Friday, December 12, 2014

San Francisco: Alcatraz Island, @LARGE, Ai Weiwei on Alcatraz

update/p.16

@LARGE, Ai Weiwei on Alcatraz 
     Artist Ai Weiwei is a political prisoner under house arrest in Beijing.  Because he is not permitted to travel outside China, he helped install this extraordinary exhibit from there.  He says, “When you constrain freedom, freedom will take flight and land on a windowsill.”   In this case it landed on our windowsill at Alcatraz.  The exhibit is installed in parts of the former prison that have never before been open to visitors.  By demand of the artist, there is no additional charge to see this show.  However, a guided tour is an additional $20 fee and is available only on the first trip of the day at 8:45 a.m.  These reserved tickets are not available through Alcatraz Cruises; reservation information.  The show runs through April 26, 2015. 

These are the exhibit sites:
Building 64, at the landing. 
View an introductory video about the exhibition and also some video works by Ai Weiwei. 

1.  New Industries Building
Inmates who had earned the privilege were permitted to work here for money or to earn time off of their sentence.  


dragon at Ai Weiwei exhibit at Alacatraz in San Francisco
With Wind:  This airy exhibit centers on a traditional Chinese dragon kite made from kites.  The dragon’s face has Twitter-bird eyes and @aiww eyebrows.


overview of Trace Lego work at Ai Weiwei exhibit at Alacatraz in San Francisco



closeup of Edward Snowden portrait in Trace Lego work at Ai Weiwei exhibit at Alacatraz in San Francisco
Trace:  Constructed by volunteers from more than one million LEGO bricks and resembling needlepoint, these portraits depict more than 175 political prisoners from around the world.


closeup of Tan Zuoren portrait in Tace Lego work at Ai Weiwei exhibit at Alacatraz in San Francisco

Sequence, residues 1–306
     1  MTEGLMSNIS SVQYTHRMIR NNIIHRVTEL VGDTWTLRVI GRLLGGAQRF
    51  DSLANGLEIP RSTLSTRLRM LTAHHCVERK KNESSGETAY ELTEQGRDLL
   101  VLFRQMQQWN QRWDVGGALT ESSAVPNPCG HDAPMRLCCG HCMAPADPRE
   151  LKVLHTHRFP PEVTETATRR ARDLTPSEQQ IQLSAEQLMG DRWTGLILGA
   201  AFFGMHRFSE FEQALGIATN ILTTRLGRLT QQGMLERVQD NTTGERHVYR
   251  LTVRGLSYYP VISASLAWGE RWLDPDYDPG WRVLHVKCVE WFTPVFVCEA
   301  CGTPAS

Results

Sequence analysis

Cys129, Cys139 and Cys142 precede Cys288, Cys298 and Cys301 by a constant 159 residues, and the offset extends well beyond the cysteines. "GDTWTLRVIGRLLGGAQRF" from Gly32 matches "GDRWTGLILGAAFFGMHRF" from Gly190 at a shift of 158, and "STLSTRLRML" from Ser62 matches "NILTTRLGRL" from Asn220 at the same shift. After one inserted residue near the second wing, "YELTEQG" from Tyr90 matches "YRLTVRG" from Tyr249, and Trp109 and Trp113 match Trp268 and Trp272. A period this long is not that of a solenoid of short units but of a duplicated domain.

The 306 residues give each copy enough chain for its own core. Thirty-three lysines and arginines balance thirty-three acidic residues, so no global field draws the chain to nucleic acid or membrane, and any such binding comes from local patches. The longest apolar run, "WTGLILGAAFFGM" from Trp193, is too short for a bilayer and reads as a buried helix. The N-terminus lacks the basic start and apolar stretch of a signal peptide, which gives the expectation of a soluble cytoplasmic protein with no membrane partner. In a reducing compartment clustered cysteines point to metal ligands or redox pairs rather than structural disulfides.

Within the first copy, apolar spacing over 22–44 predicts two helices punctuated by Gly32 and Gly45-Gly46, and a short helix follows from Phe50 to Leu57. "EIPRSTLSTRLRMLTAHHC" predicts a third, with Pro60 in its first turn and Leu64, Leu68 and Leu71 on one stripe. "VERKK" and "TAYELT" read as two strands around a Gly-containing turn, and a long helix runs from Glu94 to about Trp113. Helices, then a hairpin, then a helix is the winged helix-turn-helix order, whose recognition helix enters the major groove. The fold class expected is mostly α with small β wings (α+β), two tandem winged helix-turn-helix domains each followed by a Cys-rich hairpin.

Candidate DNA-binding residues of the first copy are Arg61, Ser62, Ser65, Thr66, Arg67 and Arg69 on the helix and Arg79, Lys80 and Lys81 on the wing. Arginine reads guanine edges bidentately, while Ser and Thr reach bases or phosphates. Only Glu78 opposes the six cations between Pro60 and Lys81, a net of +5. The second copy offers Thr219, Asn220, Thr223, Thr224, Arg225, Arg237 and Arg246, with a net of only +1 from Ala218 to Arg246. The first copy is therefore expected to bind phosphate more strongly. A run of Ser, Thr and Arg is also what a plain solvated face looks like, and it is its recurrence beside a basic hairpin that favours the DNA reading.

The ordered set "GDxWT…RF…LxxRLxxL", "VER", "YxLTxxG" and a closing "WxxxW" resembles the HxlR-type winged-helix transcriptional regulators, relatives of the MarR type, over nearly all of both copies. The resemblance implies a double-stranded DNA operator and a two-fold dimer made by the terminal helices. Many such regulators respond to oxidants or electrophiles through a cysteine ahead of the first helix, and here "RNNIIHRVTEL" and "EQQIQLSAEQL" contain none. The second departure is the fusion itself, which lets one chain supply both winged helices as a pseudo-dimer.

While here, select one person.  Then look him up in the book provided, read his story, and remember his name for later.  My person was Tan Zuoren.  His biography reads, “Convicted of subversion of state power, Tan is a writer and activist who had published articles online about the repression of the 1987 Tiananmen Square pro-democracy protest, and investigated the deaths of thousands of children when their schools collapsed in the 2008 Sichuan earthquake.  In 2009 he was sentenced to five years in prison.  He was released in March 2014.”


fuzzy view from Gun Gallery of Tace Lego work at Ai Weiwei exhibit at Alacatraz in San FranciscoRefraction:  A separate entrance leads into the narrow Gun Gallery section, where a large sculpture depicts a bird’s wing in which the feathers represent Tibetan solar cookers.

2.  Cellhouse—A Block
This is the only remaining section of the original military prison constructed in the early 1900s.  The Birdman of Alcatraz, Robert Stroud, was moved permanently to a cell here because of his disruptive behavior.



Stay Tuned cell at Ai Weiwei exhibit at Alacatraz in San Francisco
 Stay Tuned:  This audio installation occurs inside twelve cells.  It uses sound in the form of music, poetry, and spoken words—all from people who have been detained as political prisoners because of their creative expression of their beliefs.


Arya Aramnejad:  This Iranian singer performs “Ali Barkhiz” (“Ali, Rise”).



Pussy Riot:  The Russian feminist punk rock group performs "Virgin Mary, Put Putin Away (Punk Prayer)."

3.  Cellhouse—Hospital
Illumination:  In two psychiatric observation rooms you’ll hear the sound of Tibetan and Native American chanting, drawing connections between China and the U.S.